By EllieAna Hale

The Family Conservancy (TFC) has continually created sustainable education, and resource programs to provide equitable opportunities for all children in Missouri with a focus on Clay, Platte or Jackson counties.

TFC has brought its services straight to the homes of those who need them most through a program called Head Start Home-Based. The program has touched the homes of local communities, and has met families where they are to provide exemplary support, and education assistance.

Head Start Home-Based has allowed for much-needed resources such as social services, mental and physical health assistance, financial assistance, education services, curriculum, and more to be provided within the home.

With the specific targeted age group prenatal to age five, Head Start Home-Based allows for the families and parents to gain the skills, and resources to become the teacher, and the main support system within the home itself.

The program itself is different from most headstart programs. Most headstart education programs cut off at age three, and only provide basic curriculum services, while Home-Based provides not only a family-based curriculum but also connects the family to an assorted array of community resources that will allow the family to be safe, healthy, and connected.

“We come in and provide educational services,” said Fran Spearman, TFC Head Start Home-Based Manager. “We are a liaison between the community and provide those bridges between family and community.”

Home-based specialists come into the home once a week for a 90-minute session to teach the family, and parents how to best implement curriculum and education services within of early education. Home-based provides up to 46 visits a year for each family with specialists and translators covering eleven different languages. They are seeking to provide every family and every culture an opportunity to learn and thrive.

During these sessions, Home-Based additionally provides resources to the family for their needs ranging from rent assistance to providing resources for food banks and Medicaid. Outside of the 90-minute weekly sessions, there is also an array of community events that allow for socialization for the family and the child.

“There’s learning every-where,” Spearman said.

The program ties together the family and implements a family-based model that connects all aspects of education within the home, and uses daily used items as opportunities for learning.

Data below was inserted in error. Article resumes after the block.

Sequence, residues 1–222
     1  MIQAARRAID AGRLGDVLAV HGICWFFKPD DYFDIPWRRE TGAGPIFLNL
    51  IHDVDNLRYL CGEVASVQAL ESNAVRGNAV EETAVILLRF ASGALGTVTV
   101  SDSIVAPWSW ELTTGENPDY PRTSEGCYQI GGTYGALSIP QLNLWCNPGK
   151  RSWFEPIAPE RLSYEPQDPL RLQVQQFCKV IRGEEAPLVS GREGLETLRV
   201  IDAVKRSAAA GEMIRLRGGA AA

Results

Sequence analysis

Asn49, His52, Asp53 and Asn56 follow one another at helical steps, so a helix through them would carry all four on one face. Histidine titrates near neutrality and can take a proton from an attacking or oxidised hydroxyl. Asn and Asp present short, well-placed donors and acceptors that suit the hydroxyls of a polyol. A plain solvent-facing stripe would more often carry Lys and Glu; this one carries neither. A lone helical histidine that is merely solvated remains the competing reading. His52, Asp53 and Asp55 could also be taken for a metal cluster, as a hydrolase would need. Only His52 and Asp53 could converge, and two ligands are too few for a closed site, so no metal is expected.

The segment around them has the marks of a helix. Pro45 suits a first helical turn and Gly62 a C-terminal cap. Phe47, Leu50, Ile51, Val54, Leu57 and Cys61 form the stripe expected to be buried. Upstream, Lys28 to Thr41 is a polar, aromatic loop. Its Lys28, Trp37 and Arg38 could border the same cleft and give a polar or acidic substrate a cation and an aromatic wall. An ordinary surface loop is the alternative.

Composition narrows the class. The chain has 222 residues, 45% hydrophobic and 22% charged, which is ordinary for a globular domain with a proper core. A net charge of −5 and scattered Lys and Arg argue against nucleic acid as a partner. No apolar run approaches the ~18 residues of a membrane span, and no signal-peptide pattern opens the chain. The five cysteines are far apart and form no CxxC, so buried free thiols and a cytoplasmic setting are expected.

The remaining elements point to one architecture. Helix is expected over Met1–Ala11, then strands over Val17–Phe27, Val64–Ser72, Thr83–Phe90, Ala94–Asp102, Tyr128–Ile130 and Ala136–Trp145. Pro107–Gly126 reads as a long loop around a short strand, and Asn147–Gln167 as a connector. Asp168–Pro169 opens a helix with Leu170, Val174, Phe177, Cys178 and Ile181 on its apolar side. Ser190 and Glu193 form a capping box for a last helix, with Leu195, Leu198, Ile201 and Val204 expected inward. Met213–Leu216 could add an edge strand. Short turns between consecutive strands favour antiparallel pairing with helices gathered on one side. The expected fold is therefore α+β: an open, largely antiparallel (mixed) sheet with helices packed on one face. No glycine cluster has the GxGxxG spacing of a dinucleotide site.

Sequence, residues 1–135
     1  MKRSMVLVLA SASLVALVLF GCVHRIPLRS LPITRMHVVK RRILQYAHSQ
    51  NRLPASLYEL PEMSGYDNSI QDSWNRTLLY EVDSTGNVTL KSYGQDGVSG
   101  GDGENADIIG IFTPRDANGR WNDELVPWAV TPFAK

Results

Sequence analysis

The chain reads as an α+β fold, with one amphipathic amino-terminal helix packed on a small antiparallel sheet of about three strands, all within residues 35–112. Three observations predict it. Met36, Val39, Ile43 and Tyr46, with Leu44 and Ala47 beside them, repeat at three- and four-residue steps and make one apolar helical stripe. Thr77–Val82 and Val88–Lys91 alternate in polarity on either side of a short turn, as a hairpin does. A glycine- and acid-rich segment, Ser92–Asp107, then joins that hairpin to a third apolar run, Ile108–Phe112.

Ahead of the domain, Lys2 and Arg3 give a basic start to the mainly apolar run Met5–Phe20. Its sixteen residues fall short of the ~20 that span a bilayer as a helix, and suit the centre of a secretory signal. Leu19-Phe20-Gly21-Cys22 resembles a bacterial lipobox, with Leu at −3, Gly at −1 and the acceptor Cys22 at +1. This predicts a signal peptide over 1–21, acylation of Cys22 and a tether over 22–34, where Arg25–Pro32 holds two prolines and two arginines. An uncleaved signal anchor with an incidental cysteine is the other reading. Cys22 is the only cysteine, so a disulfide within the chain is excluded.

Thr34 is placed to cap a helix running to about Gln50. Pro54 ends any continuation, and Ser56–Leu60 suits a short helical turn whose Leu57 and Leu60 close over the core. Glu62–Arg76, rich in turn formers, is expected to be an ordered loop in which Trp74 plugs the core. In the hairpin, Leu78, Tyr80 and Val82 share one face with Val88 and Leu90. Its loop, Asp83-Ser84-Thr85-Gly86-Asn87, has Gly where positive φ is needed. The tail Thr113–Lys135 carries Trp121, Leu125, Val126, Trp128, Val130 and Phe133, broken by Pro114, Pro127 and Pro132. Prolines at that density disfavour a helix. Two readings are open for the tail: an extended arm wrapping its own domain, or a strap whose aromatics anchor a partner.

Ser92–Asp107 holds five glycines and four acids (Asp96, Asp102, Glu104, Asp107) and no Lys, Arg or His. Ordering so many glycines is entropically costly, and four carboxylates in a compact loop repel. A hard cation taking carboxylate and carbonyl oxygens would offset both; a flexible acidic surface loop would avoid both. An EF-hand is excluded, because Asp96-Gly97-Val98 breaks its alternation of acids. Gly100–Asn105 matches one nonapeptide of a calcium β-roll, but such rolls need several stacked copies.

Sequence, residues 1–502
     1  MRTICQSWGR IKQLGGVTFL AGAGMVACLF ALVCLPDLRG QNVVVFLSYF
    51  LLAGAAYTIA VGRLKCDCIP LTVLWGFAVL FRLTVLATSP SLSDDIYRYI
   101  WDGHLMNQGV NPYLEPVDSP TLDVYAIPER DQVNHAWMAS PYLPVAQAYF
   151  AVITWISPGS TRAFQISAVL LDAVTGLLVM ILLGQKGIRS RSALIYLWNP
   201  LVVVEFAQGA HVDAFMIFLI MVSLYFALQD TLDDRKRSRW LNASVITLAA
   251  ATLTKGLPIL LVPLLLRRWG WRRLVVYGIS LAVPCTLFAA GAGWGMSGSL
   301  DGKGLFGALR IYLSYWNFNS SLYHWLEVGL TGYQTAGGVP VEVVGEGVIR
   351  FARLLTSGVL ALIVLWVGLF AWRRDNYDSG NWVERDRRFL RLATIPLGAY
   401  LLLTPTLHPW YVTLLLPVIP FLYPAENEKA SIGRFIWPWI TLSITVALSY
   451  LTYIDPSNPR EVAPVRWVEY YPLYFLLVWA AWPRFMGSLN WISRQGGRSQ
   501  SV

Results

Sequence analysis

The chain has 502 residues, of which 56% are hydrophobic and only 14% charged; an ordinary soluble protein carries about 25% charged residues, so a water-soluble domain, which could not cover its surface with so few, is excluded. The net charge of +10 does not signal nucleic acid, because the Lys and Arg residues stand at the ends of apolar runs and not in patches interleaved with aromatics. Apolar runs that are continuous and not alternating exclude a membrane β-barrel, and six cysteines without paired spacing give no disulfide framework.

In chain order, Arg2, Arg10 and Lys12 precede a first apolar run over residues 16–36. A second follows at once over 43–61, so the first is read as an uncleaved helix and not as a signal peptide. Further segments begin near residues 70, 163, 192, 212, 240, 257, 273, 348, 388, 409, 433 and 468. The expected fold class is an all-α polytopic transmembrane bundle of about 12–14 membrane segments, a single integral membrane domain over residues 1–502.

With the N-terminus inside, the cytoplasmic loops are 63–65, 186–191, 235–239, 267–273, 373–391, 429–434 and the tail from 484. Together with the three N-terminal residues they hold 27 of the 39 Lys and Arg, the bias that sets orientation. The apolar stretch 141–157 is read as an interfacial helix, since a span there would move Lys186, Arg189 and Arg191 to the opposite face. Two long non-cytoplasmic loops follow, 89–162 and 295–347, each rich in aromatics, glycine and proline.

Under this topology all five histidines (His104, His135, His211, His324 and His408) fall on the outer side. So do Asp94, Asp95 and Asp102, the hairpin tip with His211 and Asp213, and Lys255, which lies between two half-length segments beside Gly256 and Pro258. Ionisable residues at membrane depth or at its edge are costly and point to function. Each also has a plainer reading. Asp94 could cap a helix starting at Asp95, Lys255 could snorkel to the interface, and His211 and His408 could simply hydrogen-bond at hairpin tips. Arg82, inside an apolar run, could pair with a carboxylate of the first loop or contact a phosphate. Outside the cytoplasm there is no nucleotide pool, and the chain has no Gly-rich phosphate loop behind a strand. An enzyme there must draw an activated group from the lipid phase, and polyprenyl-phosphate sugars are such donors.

“It’s not just for the child in the program,” Spearman said. “This is what I like about Home Base. It’s about the family as a whole. We individualize it based on their needs and their moments.”

Home-based specializes in providing assistance for families to reach their individualized goals for success, and meets every family where they are currently. The program specializes in normalizing daily life, such as cooking, doing dishes, or reading a menu, is an opportunity for education and an opportunity for connection. Specialists within the program emphasize that no matter the current situation the family is experiencing, there is an opportunity for education and opportunities for success.

“Home is the first learning ground and they’re still learning opportunities and they’re still ways to bridge those moments,” Spearman said. “And to build that connection with your child is what you want. This is your desired outcome. And so making sure that they’re ready for kindergarten and ready for the next stage and provide those services.”

Home-based encourages all families to use what they have to facilitate success. With a large caseload of their clientele being immigrants or refugees, the program inspires families to utilize their culture and utilize their non-western world understanding to better educate and advocate for their children as they see fit.

“We really encourage families to utilize their culture,” Spearman said. “Don’t do away with your culture because we are over here in the Western civilization of the United States, it’s okay to infuse your culture and not to do away with your culture, but rather embrace it. We’re open and we’re willing to help you infuse and connect and stay connected to your home language, your culture.”

Early education resources and Home-Based is seeking to provide this understanding of the importance of education while also providing the needed resources outside of a basic curriculum to cultivate success for the entirety of the family.

“From the moment that we are really in utero…we’re learning. We’re growing. Education is lifelong, it’s not just the school,” Spearman said.

The program’s main incentive is to constantly and consistently provide resources that these families may not find otherwise, while also educating families on how they can find support in their own community.

“Most of my families and my caseload live in the Northeast area and a lot of people we help do not have any idea about resources or how to provide services and their care and how to request their services. Our organization provides those resources they need. We provide food, clothing, and financial assistance. If a family has everything they need, then there are going to be happy kids, healthy kids, and will have everything they need.”

The eligibility for the pro-gram includes the following:

  • Live in one of the following Missouri counties: Clay, Platte or Jackson.
  • Be income-eligible, receiving public assistance (TANF or SSI) or experiencing homelessness.
  • Have a child with a diagnosed disability.
  • Children in foster care placements are eligible.

Families interested in Home-Based Services can apply for the program by visiting

“Education is life,” Spear-man said. “It’s the very beginning of life. Because it’s learning and we learn and we grow from the time we are fertilized until the time we depart this earth.”